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Uncle Sam's Dinner

Laptop Day (Part 1 of 2): Finding Historical Sources

How did we see ourselves in the 19th century?

The purpose of this exercise is to gain insight into how people in the nineteenth century saw themselves and the world around them. Toward this end, we'll look at advertising, political cartoons, films, short pieces like jokes or editorials, or other pieces that reveal the temper of the times, or listen to music that reveals something of the culture. You could also look up an author we are studying (Mark Twain, Oscar Wilde, etc.). We will look at more specific questions in Part 2, "Laptop Empire," during the next class period. You can find the worksheet for that here: http://www.wsu.edu/~campbelld/engl372/laptopempire.htm.


1. In a group, possibly your blog group, find resources that relate to your topic. The only requirement is that they be from the 19th or early 20th century, not reinterpretations. Some suggested resources are below, but you're also welcome to find your own.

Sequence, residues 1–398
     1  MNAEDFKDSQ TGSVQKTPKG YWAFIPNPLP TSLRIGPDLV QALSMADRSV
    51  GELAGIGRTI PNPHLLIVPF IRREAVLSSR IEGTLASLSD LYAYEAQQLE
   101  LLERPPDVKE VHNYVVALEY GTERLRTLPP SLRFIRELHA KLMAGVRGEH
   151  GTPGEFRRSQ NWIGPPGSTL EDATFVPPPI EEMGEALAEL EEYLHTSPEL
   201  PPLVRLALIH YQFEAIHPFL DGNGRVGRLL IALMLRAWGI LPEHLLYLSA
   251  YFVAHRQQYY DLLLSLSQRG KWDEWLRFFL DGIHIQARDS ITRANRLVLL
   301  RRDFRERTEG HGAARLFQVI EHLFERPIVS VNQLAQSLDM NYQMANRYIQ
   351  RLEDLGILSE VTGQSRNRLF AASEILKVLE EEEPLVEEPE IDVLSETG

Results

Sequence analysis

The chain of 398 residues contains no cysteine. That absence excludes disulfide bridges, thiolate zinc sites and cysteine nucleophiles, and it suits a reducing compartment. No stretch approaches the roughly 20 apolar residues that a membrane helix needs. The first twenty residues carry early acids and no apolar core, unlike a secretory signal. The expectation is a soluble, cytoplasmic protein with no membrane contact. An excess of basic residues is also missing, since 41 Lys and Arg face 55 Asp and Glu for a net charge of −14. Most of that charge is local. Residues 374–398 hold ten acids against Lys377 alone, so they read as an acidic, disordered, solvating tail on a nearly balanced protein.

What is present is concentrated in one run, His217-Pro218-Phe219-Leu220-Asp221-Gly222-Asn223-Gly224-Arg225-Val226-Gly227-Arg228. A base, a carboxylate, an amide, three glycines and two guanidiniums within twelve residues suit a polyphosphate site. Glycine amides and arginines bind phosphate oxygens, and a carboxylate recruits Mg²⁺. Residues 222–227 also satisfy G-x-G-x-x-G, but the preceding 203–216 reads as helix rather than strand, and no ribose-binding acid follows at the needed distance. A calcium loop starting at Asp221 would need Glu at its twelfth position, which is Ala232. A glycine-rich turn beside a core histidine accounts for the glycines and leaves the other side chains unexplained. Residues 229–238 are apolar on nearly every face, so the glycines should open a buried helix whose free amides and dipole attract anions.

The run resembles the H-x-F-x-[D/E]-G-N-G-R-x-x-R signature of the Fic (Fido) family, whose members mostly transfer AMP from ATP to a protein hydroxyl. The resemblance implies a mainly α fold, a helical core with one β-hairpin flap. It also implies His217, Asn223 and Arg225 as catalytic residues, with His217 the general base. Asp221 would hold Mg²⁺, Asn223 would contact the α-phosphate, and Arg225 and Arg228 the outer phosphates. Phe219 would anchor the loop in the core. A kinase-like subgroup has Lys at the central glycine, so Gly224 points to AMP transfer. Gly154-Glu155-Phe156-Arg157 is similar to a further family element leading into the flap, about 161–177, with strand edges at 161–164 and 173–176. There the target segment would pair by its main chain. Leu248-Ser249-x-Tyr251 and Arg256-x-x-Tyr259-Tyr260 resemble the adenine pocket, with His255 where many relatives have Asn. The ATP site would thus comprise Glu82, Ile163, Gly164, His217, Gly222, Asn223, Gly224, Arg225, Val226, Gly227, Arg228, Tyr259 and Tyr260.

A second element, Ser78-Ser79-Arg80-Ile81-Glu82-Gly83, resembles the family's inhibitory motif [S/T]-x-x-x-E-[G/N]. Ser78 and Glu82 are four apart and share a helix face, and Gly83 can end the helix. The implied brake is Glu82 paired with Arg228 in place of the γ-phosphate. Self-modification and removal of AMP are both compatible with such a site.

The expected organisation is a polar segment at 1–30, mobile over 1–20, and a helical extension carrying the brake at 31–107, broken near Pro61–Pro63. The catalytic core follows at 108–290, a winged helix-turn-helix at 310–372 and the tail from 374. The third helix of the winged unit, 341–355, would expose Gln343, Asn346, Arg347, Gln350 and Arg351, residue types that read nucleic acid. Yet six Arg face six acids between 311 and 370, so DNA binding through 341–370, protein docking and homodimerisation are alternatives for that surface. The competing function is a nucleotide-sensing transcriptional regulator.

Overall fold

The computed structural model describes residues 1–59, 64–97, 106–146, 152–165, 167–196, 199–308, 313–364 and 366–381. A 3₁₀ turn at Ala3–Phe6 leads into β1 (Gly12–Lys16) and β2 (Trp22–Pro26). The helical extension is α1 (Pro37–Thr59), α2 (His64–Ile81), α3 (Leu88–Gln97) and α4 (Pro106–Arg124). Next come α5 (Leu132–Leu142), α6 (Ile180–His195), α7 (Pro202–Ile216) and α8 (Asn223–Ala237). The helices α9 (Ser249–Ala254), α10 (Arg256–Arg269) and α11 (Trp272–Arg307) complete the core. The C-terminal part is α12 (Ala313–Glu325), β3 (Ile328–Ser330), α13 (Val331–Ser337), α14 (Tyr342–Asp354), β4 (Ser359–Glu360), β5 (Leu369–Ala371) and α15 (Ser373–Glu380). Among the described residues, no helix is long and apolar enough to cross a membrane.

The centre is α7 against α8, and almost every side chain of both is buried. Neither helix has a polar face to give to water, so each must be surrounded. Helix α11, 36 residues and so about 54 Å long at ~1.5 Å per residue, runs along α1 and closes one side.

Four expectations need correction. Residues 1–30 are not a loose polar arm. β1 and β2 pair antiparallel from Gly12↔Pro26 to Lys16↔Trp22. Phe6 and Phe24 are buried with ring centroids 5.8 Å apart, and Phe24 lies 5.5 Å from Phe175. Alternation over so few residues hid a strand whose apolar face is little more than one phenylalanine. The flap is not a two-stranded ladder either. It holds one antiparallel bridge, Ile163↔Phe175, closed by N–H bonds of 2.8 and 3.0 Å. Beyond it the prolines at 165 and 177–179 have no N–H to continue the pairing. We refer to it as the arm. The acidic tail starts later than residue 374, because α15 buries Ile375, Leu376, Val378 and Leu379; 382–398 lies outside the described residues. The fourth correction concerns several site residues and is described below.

2. Sign up for one of the topics below or devise your own; this list will be posted to our course blog so we'll all know what you're discussing.


1. Find some pertinent resources (at least 3-4) so that you can get a good sample of the ideas, although you can choose one representative item to discuss with the class. Keep track of the links, since you'll want them for your blog post. Content Warning: Depending on the topic, you may encounter materials that are racist, sexist, xenophobic, homophobic, or otherwise disturbing to you, with some topics including more of these materials than others. Choose another topic if you think this would be unduly disturbing to you. You may choose not to display these items to the class but may want to discuss their significance within your groups.

2. Discuss these in your group and present your findings to the class.

3. Write up your results as tonight's blog post, unless you've already posted/planned to post on another topic.

Topics: What issues surrounded these topics or authors? Remember, your group can choose its own topic as long as that topic says something about how 19th-century people saw themselves.

General Resources (more available at http://public.wsu.edu/~campbelld/amlit/sites.htm) These are just a place to start; please find your own and link to them in your blog post so that we can share them.

Films and Music: